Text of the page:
foundation of that understanding is contained
in the RIAS and RIBA appointment documents
which are available from the RIAS Bookshops
along with the guidance and related
The RIAS recommends that, when the client is
an organisation or company, a single person
should be appointed with authority to make
The Construction Design & Management (CDM)
regulations came into effect on 31 March
1995 and require you, for all but very small
projects, to appoint a planning supervisor to coordinate a health and safety plan for the
project and to ensure that you are provided
with a health and safety file at its conclusion.
Chartered architects are some of the most able
to take on this role, which should be subject to
a distinct agreement. Your chartered architect
can advise you further, if necessary.
Architect’s fees
The design process
The following notes refer to instances where
the architect is the design team leader,
working directly for the client, and where
works are carried out by a third party
contractor. For other forms of procurement,
seek specialist advice.
Construction cost and overall budget for the project
are not the same. The overall budget will include all
professional and legal fees and expenses, the
statutory charges for applications for planning
consent and building warrants, a contingent sum for
unforeseen events and other costs such as furniture,
equipment, land acquisition, finance charges and
VAT, in addition to the construction costs.
Architects’ fees are commonly calculated on a
percentage or lump-sum basis, although some work
may be time charged by agreement. Expenses may
be included in the agreed fee or charged separately.
In this method, an architect’s fees are expressed as
a percentage of the total construction cost, i.e. the
cost as certified by the architect of the works,
including site works, executed under a building
contract. Before fees can be estimated, client and
architect need to establish the services to be
provided, the approximate construction budget and
the nature of the work.
Lump sums are best used where the scope of the
work can be clearly defined from the outset. It is
necessary to define the parameters of services – i.e.
time, project size and cost – where applicable, so
that if these are varied more than a stated amount,
the lump sum itself may be varied.
This basis is best used where the scope of work
cannot be reasonably foreseen or where services
cannot be related to the amount of construction. It
may be wise to set an upper limit on fees to be
incurred, perhaps on a staged basis. Records of
time spent on services will be made available to
clients on reasonable request.
The Incorporation strongly recommends clients to
select on quality issues such as demonstrable
design skills, management expertise and track
record. If fee price is an important factor, this must
be weighed carefully against these qualitative
aspects to ensure that best value overall will not be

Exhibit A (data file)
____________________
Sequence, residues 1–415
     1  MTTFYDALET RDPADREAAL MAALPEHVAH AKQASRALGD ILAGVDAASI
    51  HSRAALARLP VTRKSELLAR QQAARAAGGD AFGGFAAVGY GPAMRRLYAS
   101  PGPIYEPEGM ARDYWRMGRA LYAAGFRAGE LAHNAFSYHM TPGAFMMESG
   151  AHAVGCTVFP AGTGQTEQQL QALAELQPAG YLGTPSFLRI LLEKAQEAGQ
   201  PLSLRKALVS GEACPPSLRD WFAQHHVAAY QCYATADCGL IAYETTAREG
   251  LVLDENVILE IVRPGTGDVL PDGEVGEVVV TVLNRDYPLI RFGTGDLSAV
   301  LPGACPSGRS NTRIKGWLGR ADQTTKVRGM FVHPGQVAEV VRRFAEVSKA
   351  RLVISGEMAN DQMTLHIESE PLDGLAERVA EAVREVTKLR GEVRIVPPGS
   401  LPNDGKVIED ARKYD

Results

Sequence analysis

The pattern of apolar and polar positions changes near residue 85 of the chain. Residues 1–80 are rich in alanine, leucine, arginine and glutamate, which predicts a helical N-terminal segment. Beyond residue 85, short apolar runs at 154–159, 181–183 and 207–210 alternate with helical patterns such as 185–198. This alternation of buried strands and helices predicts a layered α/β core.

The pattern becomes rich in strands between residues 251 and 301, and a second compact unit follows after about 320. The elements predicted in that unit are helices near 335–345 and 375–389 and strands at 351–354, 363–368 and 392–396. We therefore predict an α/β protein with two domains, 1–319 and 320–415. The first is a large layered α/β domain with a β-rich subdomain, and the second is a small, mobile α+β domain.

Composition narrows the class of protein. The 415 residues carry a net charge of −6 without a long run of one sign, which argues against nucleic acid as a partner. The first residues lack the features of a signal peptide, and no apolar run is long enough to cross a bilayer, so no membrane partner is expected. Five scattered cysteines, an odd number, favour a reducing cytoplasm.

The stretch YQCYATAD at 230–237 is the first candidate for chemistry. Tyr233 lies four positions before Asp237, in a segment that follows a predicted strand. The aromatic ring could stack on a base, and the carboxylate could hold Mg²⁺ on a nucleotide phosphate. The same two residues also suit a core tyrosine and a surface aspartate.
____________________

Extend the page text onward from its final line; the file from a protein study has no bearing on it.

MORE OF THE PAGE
sacrificed. A client leaflet is available to assist.
At the beginning of each project, its purpose
and intentions, together with its schedule of
accommodation, site and budget are formed
into what is known as a brief. If you do not
have a pre-formed brief, the chartered
architect will develop it with you.
It should be as thorough as possible to help
avoid problems later. Initial decisions in the
design stage will include formalising which
rooms need to be adjacent, where stairs and
fire escapes are needed, which floors need
carpets, what the outlook will be from
different rooms, how deliveries are to arrive
... the list can seem endless!
During the design process the chartered
architect will keep coming back to you with
plans for discussion, revision and approval.
Use may be made of drawings, perspectives,
models, written descriptions, computer
drawings or simulations to explain the
At the end of the design process, a number
of contractors usually receive a ‘Bill of
Quantities’, together with a set of drawings
with which to produce a cost for the project.
The Bill lists all the items and activities
required to build the project as shown on the
drawings (e.g. lay 100 bricks here, build in
50 windows there) and the number of items
listed depends on the scale of project.
Each contractor puts his price against each
item on the Bill, which is based upon an
estimate of how long it will take to carry out
each item and the cost of materials required,
together with added sums for overheads and
a percentage for profit.
The level of profit will be influenced by how
each contractor expects his competitors to
price and thus there is no ‘proper price’ for a
building: only what a given contractor
decides at one particular time.
To estimate how much a building will cost at
an early stage in the design requires skill,
experience and a knowledge of the market.
Absolute precision is impossible – the less
information on which a cost is based, the
greater the degree of tolerance required.
Alterations become progressively more
expensive as a project develops and once
building work has begun, changes can be
catastrophic and very expensive.
For complex projects the Design Team will
include a number of professional disciplines
– the architect, quantity surveyor, structural,
electrical and mechanical engineers are the
most usual contributors. All design team fees
are normally paid for separately in addition
to the architect’s fee. If an architect’s
practice is appointed as Lead Consultant, it
will co-ordinate all the information provided
by the rest of the team and incorporate that